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Ly­me vac­cine test com­ple­tion is pushed back by a year as Pfiz­er, Val­ne­va say they'll ad­just tri­al

Valneva and Pfizer have adjusted the end date for the Phase III study of their investigational Lyme disease vaccine, pushing it back by a year after issues at a contract researcher led to thousands of US patients being dropped from the test.

In a March 20 update to, Valneva and Pfizer moved the primary completion date on the trial, called VALOR, from the end of 2024 to the end of 2025.

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FDA spells out how can­cer drug de­vel­op­ers can use one tri­al for both ac­cel­er­at­ed and full ap­provals

The FDA’s Oncology Center of Excellence has been a bright spot within the agency in terms of speeding new treatments to patients. That flexibility was on full display this morning as FDA released new draft guidance spelling out exactly how oncology drug developers can fulfill both the accelerated and full approval’s requirements with just a single randomized controlled trial.

While Congress recently passed legislation that will allow FDA to require confirmatory trials to be recruiting and ongoing prior to granting an accelerated approval, the agency is now making clear that the initial trial used to win the AA, if designed appropriately, can also serve as the trial for converting the accelerated approval into a full approval.

Zhi Hong, Brii Biosciences CEO

Brii Bio­sciences stops man­u­fac­tur­ing Covid-19 an­ti­body com­bo, plans to with­draw EUA re­quest

Brii Biosciences said it will stop manufacturing its Covid-19 antibody combination, sold in China, and is working to withdraw its emergency use authorization request in the US, which it started in October 2021.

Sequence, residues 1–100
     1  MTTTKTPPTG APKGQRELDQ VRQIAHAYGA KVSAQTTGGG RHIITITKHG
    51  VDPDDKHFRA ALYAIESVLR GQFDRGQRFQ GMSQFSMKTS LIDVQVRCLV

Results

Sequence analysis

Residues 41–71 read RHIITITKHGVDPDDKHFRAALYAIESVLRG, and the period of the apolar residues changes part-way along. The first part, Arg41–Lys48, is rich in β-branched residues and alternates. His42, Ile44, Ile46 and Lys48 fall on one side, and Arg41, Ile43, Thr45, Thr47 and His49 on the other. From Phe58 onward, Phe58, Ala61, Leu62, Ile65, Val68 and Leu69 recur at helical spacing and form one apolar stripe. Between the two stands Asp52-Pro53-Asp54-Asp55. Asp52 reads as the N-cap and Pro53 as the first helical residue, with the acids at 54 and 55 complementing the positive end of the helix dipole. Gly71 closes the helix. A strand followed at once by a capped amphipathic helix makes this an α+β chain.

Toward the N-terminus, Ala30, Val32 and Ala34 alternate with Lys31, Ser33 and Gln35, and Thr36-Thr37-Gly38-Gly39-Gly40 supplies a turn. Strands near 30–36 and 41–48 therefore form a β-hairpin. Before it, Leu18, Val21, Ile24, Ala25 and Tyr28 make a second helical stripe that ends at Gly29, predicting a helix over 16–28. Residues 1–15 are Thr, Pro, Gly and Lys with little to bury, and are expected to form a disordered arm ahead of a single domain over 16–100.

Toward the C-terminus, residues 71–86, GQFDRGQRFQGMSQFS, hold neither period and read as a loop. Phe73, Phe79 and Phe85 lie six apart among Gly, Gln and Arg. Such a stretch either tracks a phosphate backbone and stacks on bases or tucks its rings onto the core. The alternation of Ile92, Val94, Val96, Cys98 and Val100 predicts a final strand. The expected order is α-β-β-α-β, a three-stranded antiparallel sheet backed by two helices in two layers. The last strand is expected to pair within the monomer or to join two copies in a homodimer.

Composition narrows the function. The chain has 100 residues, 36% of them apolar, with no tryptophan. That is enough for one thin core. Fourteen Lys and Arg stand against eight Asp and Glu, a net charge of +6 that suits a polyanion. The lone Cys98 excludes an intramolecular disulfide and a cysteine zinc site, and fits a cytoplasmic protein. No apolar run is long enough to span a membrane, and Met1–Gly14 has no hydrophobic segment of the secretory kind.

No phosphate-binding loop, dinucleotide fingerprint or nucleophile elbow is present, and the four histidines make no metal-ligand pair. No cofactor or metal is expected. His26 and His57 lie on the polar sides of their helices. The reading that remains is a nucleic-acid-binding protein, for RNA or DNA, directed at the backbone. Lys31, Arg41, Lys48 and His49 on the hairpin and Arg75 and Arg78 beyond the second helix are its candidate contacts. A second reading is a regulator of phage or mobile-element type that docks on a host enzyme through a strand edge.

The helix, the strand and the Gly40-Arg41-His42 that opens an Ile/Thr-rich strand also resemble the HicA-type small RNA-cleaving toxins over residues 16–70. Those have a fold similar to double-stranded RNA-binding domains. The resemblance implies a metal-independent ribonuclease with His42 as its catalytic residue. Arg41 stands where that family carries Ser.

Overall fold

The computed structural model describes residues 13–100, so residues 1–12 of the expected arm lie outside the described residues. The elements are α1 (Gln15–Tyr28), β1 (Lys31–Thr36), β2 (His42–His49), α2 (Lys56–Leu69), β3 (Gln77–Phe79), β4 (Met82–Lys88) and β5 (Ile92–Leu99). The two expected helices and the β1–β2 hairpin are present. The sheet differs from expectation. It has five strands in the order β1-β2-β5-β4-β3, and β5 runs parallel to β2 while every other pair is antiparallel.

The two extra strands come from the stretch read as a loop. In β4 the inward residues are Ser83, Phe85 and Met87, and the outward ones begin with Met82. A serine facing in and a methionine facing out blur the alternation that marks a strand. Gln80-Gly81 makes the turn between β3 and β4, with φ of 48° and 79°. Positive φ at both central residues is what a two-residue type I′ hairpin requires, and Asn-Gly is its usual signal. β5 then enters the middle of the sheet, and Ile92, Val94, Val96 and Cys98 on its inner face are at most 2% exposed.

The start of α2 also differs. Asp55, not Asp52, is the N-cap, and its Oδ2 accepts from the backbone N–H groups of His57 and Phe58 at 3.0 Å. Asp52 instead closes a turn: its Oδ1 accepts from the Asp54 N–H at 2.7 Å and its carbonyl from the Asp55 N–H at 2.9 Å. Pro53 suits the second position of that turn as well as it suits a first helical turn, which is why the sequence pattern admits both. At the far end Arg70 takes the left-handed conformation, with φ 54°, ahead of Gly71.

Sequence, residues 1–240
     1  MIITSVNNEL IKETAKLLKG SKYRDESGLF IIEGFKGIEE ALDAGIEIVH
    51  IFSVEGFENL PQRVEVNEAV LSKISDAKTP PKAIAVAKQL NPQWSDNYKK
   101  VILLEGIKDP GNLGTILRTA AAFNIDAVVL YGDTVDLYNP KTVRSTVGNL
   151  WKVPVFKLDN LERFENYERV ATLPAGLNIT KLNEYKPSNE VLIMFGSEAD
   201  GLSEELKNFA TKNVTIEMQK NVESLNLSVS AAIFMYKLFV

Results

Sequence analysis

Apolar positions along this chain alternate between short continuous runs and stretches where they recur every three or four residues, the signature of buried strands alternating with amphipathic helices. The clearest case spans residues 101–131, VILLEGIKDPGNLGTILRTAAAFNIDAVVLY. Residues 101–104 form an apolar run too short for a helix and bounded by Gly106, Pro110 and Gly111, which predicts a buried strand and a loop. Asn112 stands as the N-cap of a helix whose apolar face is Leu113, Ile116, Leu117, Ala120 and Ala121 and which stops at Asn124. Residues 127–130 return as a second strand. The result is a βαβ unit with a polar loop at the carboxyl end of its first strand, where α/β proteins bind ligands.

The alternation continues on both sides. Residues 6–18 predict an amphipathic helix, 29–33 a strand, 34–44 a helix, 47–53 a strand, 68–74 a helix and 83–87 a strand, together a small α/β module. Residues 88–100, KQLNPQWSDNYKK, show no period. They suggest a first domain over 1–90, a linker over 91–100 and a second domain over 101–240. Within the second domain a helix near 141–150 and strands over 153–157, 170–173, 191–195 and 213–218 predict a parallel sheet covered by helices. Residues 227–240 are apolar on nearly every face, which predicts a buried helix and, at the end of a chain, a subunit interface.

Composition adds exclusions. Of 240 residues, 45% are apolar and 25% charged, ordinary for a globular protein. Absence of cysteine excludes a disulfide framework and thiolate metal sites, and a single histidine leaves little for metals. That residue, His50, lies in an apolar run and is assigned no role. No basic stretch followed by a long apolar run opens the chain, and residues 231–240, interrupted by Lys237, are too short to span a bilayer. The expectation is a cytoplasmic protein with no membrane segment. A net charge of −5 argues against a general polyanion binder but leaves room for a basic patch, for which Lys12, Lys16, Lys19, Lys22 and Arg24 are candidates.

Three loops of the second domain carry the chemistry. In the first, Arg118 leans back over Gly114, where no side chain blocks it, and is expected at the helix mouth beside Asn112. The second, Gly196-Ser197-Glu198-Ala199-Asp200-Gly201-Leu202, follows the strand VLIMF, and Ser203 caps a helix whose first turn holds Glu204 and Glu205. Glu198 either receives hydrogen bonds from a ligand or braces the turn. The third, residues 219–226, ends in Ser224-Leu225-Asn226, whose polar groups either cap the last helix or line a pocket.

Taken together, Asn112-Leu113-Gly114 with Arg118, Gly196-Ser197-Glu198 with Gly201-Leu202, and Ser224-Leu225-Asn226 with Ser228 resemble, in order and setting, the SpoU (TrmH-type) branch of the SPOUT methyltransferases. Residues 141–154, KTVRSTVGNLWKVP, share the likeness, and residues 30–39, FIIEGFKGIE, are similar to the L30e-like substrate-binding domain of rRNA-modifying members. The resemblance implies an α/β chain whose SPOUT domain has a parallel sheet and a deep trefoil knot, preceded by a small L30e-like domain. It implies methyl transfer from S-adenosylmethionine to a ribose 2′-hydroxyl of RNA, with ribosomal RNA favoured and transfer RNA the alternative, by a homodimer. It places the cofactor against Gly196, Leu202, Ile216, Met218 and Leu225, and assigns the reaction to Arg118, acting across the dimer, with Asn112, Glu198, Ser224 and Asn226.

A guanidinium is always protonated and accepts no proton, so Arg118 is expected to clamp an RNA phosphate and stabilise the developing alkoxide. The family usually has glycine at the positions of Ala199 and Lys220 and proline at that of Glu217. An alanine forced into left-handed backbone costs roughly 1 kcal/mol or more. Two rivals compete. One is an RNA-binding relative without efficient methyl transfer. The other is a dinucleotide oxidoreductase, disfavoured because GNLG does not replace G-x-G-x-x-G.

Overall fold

The Beijing and North Carolina biotech commercially launched the treatment in China last July but is now axing the work and reverting resources to other “high-priority programs,” per a Friday update. The focus now is namely hepatitis B viral infection, postpartum depression and major depressive disorders.

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Geoff McDonough, Generation Bio president and CEO

Mod­er­na part­ners on non-vi­ral gene ther­a­py with Gen­er­a­tion Bio af­ter swing­ing gene edit­ing deals

Moderna has inked a five-year partnership with gene therapy biotech Generation Bio, it announced Thursday morning, wading deeper into the genetic medicines space as it navigates beyond its vaccine work.

Moderna will pay Generation Bio $40 million upfront and invest another $36 million into the gene therapy biotech. In exchange, Moderna can license Generation Bio’s non-viral gene therapy platforms for two immune cell programs and two liver programs, with an option for a fifth program. Moderna will fund all the research work under the partnership, and could be on the hook for milestone, fee and royalty payments totaling up to $1.8 billion, a company spokesperson tells Endpoints News.

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Sijmen de Vries, Pharming CEO

FDA ap­proves Pharm­ing drug for ul­tra-rare im­mun­od­e­fi­cien­cy dis­ease

US regulators cleared an ultra-rare drug from Pharming Group, by way of Novartis, on Friday afternoon.

The Dutch biotech said the FDA greenlit leniolisib for an immunodeficiency disease known as activated phosphoinositide 3-kinase delta (PI3Kδ) syndrome, or APDS. People 12 years and older can receive the oral drug, to be marketed as Joenja, beginning early next month, Pharming said, five days ahead of the decision deadline set by the FDA as part of a priority review.

Stuart Peltz, former PTC Therapeutics CEO

Stu­art Peltz re­signs as PTC Ther­a­peu­tics CEO af­ter 25 years

Stuart Peltz, the longtime CEO of PTC Therapeutics who’s led the rare disease drug developer since its founding 25 years ago, is stepping down.

Succeeding him in the top job is Matthew Klein, who joined PTC in 2019 and was promoted to chief operating officer in 2022. In a call with analysts, he said the CEO transition has been planned for “quite some time” — in fact, as part of it, he gave the company’s presentation at the JP Morgan healthcare conference earlier this year.